5 Apps to Help You Take Care of Your Plants


This article was written by Lauren Taglienti, Production Assistant, Vintage Production.

If you’ve ever thought, “I’d have plants if only someone could tell me exactly how to take care of them,” or “I just don’t have a green thumb,” then keep reading. Or maybe you’re already an expert gardener looking to simply learn more. Either way, these apps might just be for you.  

Google Photos/Google Lens: Perhaps the most accessible tool in this list, you can use Google Lens in the Google Photos app to identify plants based on photos you take of them, as well as additional information about the identified plants, including general care instructions. This is completely free! 

PictureThis: This app identifies plants, helps diagnose issues with plants, and formulates potential cures. There is also an extremely thorough catalog of plant types and their corresponding issues and diseases ranging from common to rare per plant, as well as solutions to explore. It has the most affordable subscription available in this list.  

Pl@ntNet: Plant identification and education about plants is this app’s specialty. It would be best used for plants in your balcony or backyard garden, as well as for those you see in the wild. There are numerous pictures of every plant that they have listed, as well as external links to information about each one. By identifying plants on this app, you contribute to a science project that allows scientists to analyze citizens’ photos of plants, the evolution of plants and biodiversity, and so forth. This app is completely free!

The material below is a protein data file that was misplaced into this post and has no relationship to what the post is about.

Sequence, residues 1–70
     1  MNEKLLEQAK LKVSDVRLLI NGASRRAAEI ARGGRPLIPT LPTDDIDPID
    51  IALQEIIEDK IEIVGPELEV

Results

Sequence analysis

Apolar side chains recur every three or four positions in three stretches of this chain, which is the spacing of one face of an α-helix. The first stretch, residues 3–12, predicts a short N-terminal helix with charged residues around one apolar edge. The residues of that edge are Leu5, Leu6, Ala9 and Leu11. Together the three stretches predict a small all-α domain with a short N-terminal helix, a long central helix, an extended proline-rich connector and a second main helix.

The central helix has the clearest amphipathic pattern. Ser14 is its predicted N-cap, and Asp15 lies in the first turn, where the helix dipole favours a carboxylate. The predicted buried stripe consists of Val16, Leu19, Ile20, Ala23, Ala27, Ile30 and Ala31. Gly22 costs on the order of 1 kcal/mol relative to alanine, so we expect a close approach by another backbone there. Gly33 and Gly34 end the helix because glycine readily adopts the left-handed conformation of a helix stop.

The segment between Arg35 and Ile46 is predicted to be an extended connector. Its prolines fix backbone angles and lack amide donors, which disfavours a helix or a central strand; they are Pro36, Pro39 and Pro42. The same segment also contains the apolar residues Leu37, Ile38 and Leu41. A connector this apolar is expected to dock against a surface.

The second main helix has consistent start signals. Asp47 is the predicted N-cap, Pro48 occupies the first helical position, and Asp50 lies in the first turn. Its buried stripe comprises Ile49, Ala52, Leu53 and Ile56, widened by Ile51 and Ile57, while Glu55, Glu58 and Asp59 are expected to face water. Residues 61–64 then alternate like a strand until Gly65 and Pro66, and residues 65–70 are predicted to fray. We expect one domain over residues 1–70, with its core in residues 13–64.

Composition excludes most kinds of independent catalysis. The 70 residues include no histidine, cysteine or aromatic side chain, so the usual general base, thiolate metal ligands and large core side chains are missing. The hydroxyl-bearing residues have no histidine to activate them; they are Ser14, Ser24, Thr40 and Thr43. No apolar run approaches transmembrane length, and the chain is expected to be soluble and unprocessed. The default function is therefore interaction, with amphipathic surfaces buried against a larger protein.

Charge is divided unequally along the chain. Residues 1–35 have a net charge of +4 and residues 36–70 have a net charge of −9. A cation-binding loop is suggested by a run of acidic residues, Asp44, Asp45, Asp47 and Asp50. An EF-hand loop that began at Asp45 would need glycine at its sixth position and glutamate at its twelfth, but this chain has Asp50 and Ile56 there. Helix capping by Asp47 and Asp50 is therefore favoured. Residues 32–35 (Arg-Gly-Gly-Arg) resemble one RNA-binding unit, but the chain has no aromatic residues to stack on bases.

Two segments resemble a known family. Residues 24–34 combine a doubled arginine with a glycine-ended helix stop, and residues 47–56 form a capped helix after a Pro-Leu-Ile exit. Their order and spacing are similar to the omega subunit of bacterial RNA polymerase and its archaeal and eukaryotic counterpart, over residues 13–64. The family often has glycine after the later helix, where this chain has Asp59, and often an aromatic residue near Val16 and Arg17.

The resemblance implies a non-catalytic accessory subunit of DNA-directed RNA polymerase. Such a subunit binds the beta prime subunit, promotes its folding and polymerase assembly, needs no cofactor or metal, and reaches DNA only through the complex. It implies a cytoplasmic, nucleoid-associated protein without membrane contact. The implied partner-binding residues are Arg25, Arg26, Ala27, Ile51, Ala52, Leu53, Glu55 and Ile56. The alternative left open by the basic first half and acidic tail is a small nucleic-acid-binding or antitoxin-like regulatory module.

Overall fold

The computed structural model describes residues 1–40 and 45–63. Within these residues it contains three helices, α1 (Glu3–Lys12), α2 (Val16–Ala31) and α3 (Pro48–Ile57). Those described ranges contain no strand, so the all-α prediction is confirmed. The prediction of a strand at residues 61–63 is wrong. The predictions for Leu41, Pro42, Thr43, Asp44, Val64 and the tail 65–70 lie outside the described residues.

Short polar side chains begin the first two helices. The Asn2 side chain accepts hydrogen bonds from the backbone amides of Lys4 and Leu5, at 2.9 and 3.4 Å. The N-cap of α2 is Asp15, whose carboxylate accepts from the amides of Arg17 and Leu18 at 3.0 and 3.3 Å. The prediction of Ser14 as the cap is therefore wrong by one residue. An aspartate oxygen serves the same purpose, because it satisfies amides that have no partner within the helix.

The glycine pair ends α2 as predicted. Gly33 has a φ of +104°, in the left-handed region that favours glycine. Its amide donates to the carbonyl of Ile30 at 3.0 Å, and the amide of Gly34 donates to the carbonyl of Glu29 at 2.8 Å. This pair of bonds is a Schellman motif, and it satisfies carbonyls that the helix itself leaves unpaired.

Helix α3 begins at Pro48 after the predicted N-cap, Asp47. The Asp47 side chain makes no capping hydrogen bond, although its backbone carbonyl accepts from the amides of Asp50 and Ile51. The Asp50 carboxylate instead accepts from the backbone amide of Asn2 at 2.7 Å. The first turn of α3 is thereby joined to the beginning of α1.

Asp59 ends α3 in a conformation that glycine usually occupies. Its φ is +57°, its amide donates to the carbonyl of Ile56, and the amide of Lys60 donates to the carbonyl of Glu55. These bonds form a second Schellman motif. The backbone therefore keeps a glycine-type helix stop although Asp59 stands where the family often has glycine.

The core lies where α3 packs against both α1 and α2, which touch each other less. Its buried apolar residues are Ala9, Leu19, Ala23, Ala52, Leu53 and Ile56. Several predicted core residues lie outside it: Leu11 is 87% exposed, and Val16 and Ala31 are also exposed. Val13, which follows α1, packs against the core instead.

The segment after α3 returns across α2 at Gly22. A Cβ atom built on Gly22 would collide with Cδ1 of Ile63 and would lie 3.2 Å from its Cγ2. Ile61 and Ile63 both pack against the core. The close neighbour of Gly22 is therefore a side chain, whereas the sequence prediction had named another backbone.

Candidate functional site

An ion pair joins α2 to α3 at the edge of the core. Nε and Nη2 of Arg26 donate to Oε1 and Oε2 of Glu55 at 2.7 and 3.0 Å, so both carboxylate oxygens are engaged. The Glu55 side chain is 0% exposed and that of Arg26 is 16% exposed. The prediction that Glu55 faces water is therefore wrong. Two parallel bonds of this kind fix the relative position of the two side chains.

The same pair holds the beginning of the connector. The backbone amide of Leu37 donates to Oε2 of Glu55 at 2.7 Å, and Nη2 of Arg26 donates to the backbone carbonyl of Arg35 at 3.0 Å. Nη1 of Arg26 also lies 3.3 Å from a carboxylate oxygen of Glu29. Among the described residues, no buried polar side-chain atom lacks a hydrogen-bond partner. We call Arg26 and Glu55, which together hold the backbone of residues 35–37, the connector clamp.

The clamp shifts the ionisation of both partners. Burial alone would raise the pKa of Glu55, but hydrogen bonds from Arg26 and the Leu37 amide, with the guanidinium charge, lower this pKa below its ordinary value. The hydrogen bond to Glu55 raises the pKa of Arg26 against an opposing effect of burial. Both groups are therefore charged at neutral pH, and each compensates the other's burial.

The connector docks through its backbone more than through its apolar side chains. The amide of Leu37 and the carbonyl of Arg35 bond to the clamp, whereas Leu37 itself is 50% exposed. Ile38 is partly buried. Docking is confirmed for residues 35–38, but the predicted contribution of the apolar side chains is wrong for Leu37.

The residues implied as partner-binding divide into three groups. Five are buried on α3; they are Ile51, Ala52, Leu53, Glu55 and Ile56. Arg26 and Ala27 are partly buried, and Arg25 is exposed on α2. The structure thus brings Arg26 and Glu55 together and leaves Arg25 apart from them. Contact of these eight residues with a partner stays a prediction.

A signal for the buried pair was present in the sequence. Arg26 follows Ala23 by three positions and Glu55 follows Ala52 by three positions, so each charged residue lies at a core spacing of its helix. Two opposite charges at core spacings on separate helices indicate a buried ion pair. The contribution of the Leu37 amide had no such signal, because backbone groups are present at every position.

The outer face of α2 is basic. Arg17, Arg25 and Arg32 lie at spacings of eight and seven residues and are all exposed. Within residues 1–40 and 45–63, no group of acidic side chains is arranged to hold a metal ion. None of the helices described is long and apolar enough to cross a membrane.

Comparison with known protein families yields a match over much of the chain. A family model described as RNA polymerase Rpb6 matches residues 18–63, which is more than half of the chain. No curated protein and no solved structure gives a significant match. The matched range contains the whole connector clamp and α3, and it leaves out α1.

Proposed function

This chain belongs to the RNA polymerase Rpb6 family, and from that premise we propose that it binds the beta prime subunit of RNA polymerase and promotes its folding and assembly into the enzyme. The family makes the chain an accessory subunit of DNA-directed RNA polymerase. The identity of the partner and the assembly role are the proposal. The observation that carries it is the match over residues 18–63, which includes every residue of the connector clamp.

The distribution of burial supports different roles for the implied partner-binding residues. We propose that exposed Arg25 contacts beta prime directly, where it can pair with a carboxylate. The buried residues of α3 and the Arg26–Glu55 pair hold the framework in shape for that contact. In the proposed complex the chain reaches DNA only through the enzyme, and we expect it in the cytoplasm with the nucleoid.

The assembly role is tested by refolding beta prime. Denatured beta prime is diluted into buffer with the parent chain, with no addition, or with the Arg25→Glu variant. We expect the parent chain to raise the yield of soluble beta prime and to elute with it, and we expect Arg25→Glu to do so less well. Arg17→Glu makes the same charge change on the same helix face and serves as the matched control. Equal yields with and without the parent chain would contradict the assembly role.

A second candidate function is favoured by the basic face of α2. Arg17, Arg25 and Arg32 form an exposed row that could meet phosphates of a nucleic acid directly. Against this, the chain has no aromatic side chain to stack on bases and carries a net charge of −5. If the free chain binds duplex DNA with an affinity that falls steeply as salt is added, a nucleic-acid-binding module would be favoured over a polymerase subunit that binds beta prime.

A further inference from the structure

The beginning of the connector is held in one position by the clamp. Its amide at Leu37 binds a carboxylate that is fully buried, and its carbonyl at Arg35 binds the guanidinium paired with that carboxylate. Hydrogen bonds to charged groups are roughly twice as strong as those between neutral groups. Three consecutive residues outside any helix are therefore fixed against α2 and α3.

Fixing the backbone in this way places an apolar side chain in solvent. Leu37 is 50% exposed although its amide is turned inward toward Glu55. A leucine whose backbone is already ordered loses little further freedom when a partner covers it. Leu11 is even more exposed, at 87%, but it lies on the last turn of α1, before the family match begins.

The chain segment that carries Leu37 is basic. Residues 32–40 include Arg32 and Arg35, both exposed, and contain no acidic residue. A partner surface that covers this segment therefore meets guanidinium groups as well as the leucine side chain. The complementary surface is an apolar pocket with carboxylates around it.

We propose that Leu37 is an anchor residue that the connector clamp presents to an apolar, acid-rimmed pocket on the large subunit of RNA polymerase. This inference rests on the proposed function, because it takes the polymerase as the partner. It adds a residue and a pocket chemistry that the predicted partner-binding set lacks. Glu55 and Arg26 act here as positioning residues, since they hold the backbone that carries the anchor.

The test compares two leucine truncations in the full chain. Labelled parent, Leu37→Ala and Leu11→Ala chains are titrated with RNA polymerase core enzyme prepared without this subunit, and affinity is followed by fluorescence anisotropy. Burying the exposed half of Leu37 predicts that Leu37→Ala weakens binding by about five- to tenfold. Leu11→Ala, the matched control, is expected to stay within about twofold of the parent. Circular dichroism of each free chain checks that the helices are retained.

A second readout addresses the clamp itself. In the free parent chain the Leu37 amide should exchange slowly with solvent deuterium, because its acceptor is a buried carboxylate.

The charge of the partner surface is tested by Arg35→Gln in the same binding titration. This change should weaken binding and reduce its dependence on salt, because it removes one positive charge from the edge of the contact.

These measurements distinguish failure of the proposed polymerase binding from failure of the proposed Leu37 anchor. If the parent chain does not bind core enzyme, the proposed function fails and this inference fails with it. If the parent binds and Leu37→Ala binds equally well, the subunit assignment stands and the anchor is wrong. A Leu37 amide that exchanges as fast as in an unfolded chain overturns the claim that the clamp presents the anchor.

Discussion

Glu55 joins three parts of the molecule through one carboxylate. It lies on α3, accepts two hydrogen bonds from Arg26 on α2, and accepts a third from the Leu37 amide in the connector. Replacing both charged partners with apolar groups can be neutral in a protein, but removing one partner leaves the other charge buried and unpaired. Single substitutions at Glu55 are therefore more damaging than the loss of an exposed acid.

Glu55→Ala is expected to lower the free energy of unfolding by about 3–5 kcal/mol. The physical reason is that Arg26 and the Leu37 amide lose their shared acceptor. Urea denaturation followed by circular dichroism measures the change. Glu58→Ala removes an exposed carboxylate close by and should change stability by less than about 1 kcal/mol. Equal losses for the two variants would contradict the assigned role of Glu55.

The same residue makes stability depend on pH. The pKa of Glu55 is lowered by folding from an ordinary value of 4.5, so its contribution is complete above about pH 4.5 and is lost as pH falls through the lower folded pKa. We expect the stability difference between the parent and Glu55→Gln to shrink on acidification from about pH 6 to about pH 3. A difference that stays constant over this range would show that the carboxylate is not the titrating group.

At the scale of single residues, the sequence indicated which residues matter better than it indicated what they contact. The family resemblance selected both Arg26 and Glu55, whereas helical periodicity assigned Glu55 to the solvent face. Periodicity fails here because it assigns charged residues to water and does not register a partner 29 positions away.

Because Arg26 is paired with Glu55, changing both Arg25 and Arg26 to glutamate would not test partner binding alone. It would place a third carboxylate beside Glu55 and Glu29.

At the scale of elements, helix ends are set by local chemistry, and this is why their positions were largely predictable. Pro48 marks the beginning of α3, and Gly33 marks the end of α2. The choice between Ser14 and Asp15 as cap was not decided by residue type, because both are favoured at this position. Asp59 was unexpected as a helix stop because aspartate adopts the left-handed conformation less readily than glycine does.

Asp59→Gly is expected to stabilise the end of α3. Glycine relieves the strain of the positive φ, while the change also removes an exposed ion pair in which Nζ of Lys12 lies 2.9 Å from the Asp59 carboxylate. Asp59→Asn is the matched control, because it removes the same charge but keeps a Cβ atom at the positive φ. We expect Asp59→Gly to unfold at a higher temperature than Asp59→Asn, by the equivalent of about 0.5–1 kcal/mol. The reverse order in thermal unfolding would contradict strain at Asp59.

Planta: This app reminds you when to water your plant, and the optional subscription identifies plants, reminds you when to mist, repot, and prune. It also gives you access to a plant doctor and knowledge base articles, as well as a couple other features.  

Flora: Similar to Planta, Flora reminds you when to water your plant, and the optional subscription allows for plant identifications, weather integration tools, and access to the plant doctor feature. 

Posted: September 22, 2023